​Sleater-Kinney Explain How St. Vincent Shaped Exploratory New Album 'The Center Won't Hold'

​Sleater-Kinney Explain How St. Vincent Shaped Exploratory New Album 'The Center Won't Hold'
Just one week into 2019, Sleater-Kinney teased a surprise collaboration from the studio on Twitter, one that would have critical bearing on their new album, The Center Won't Hold — the beloved indie band posted a photo of themselves alongside St. Vincent (aka Annie Clark), listing her as their producer. The potential for such a powerhouse partnership had fans of both acts excited to hear what could come.
 
Of course, since that reveal and the announcement of their 10th album (out August 16), most of the attention has been placed on long-time drummer Janet Weiss leaving the band after 23 years. Despite Weiss hinting that her departure had to do with Sleater-Kinney "heading in a new direction," according to her bandmates, the decision to work with Clark was suggested by their now-former drummer.
 
"I think Janet suggested it," Carrie Brownstein tells Exclaim! in an interview. "Annie is a very creative, innovative person who's a fan of the band, but we also thought she was someone who could reconstitute the tools in our band."
 
After returning in 2015, following a nearly decade-long hiatus, Sleater-Kinney reminded the world of their prowess by releasing a comeback album, No Cities to Love. That album solidified their title as one of the greatest rock bands on Earth, but for its follow-up, the trio wanted to shake things up. They wanted to evolve.
 
"We wanted to do something different with this record," explains Corin Tucker. "We felt No Cities was so strong and was a cultural return to form for the band, which we were really happy with. We didn't feel the need to do the same thing twice, so we thought we'd work with a bunch of different producers — and Annie's name was definitely one of them."
 
Although Wilco's Jeff Tweedy was a producer they wanted to record with, Brownstein downplays that they had serious discussions with him to produce.
 
"That actually got blown out of proportion," she says. "Jeff and I are friends and we had a very casual, casual conversation. Just like, 'Hey, maybe we should come to Chicago and work on some songs.' It was literally that. As many things are not headline news, this was not headline news."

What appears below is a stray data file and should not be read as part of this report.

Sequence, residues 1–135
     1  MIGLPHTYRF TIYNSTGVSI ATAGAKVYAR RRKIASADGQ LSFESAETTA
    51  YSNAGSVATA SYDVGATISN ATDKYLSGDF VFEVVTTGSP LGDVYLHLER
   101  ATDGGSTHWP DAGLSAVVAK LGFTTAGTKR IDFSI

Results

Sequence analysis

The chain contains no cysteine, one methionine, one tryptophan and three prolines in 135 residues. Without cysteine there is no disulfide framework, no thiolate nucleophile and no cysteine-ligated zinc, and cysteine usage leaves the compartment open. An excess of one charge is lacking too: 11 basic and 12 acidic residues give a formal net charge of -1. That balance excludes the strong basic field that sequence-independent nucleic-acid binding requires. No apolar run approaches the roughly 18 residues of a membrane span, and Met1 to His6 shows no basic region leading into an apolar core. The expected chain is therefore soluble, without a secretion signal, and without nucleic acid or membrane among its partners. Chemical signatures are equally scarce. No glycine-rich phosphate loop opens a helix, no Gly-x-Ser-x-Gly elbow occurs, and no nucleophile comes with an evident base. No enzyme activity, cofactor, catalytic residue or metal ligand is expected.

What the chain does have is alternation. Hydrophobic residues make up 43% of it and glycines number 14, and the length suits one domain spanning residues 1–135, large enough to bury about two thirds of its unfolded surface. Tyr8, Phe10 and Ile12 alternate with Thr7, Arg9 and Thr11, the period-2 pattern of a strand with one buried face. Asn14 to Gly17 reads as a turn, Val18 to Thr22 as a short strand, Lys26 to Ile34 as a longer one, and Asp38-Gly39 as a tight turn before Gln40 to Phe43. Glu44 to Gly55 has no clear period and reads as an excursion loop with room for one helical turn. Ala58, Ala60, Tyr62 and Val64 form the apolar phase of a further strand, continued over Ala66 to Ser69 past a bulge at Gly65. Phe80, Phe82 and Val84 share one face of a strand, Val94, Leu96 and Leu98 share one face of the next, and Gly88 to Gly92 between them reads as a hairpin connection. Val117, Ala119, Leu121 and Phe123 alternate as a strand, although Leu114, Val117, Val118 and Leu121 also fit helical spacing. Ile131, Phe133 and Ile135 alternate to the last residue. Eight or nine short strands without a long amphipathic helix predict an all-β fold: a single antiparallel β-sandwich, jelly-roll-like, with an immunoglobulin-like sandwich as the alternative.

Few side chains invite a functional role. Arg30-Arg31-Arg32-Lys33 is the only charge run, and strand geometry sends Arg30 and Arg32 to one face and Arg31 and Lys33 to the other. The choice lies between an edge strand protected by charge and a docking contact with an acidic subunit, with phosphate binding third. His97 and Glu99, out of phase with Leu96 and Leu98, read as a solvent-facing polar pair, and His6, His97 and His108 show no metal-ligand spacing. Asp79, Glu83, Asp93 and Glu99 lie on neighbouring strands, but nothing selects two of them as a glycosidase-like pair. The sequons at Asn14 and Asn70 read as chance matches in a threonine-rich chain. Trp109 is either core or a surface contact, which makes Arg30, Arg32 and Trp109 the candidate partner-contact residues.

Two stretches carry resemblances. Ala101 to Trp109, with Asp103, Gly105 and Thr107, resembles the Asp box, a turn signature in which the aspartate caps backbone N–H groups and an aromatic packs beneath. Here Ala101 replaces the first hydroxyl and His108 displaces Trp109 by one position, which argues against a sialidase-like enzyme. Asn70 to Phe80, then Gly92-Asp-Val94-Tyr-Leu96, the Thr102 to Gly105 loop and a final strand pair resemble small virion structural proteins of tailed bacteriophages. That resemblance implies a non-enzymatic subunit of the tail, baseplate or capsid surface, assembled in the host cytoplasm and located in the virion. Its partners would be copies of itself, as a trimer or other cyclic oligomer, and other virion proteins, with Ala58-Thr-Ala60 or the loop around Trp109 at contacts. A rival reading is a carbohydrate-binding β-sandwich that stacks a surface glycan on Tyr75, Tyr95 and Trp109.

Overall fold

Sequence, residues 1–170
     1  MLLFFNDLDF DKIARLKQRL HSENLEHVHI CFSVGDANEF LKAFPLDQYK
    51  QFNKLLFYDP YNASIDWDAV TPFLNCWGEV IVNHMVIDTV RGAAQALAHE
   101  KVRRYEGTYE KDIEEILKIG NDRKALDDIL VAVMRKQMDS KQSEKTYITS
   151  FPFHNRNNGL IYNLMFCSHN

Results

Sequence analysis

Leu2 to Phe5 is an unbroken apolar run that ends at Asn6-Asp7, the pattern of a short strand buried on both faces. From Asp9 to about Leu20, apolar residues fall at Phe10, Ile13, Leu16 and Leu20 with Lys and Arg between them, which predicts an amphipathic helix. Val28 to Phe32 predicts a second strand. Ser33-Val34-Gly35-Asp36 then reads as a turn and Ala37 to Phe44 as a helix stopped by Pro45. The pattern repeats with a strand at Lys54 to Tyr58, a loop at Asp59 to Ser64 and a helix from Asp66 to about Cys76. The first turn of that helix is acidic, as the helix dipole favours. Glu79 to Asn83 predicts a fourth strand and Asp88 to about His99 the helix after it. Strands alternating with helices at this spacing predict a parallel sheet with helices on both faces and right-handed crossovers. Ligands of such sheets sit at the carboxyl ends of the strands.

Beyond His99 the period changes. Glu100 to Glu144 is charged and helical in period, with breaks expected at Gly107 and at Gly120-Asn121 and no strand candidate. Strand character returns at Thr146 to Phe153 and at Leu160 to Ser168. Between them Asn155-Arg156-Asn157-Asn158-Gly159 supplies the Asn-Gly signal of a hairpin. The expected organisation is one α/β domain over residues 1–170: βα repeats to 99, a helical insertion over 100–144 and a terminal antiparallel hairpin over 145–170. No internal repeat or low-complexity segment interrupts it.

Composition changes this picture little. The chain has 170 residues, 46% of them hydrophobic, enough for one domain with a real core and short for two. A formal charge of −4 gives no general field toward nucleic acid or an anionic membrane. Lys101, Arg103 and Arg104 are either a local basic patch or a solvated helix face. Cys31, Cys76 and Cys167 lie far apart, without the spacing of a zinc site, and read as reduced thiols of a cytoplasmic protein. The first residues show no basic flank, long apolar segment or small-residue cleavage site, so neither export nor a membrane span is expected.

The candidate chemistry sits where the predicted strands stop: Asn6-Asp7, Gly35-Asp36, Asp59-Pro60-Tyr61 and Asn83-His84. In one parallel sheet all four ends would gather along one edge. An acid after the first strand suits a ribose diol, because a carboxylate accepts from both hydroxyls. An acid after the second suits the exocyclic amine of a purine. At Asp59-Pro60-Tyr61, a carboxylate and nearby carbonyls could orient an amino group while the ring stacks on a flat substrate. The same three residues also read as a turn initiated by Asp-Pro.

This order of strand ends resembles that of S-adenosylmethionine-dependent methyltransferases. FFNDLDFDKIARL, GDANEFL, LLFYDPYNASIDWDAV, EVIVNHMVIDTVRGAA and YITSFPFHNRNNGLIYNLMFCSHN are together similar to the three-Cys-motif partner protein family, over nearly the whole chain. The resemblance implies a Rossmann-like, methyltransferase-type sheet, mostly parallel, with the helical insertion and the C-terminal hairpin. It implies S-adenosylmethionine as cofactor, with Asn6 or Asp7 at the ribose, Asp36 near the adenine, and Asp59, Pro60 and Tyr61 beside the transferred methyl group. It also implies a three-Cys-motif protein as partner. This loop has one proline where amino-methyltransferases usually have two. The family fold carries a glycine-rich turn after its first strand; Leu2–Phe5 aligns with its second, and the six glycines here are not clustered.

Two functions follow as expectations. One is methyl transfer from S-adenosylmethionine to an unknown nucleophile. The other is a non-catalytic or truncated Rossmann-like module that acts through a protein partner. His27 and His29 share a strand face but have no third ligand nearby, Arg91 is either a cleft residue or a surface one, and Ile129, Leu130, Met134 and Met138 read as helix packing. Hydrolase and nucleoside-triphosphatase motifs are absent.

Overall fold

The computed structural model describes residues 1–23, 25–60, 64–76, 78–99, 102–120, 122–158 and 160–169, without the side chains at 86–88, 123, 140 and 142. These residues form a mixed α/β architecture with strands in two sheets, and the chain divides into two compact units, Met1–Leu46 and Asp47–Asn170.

Working with Annie Clark made a lot of sense for Sleater-Kinney. There was already a collaborative history between the two parties: Clark was a guest multiple times on Brownstein's IFC series Portlandia, Brownstein directed some vignettes for St. Vincent's 2017 album, Masseduction, and the two have been working on a satirical concert film.
 
Originally, the idea was to work with multiple producers, but once they entered the studio with Clark, it quickly became obvious that they'd found the one and only producer they needed.
 
"We originally thought we would just go into the studio with her for a few days to see what happens," says Tucker. "We did it more as an experiment, but she was really amazing. She had so many ideas. She was really prepared. We got four songs done in five days — like, core songs of the album. She has a really different skillset from Carrie and I. She has all of this knowledge about synthesizers and has made music in different ways. And she's also a writer and a singer, so she brings a lot of different skills to producing that was fruitful and brought out new ideas from the band."
 
Clark encouraged the band to reach outside of their comfort zone, something they admittedly tried on albums like 1999's The Hot Rock and 2005's The Woods.
 
"Sometimes you start to think that you're only capable of certain things or that it's always going to be this type of dynamic," admits Brownstein. "It's one of the same reasons we worked with Dave Fridmann [on The Woods]. It's these people that are very maximalist with expansive ideas."
 
The Center Won't Hold is packed with the kind of emotional fortitude Sleater-Kinney have built a career on, but it's presented as a big, bold, futuristic rock record unlike any other they've made. It's exactly the kind of album their fans need in 2019.
 
Brownstein calls it "probably the most personal record we've put out since maybe The Hot Rock," but it's hard not to be fascinated by how Clark has helped them reach the next level.
 
"It's really the first time we've worked with another musician or performer as a producer," Tucker says. "I think it's pretty exciting that in the 20-plus years we've been a band we've never worked with a female producer, and to have the four of us together in the studio felt very empowering and quite a statement. It was definitely a lot of teamwork and collaboration."
 
Adds Brownstein, "I really felt like she was partnering with us and she could challenge us in a supportive way. Because there wasn't that male-female power dynamic, I don't think she was shy about saying, 'I think we can make this part better.' She is a songwriter and a performer, so she knows what it can take to get the best take, best lyric, best vocal. For me it was great to be pushed like that. I feel like it made the record that much better."
 
The Center Won't Hold is out August 16 courtesy of Mom+Pop Records.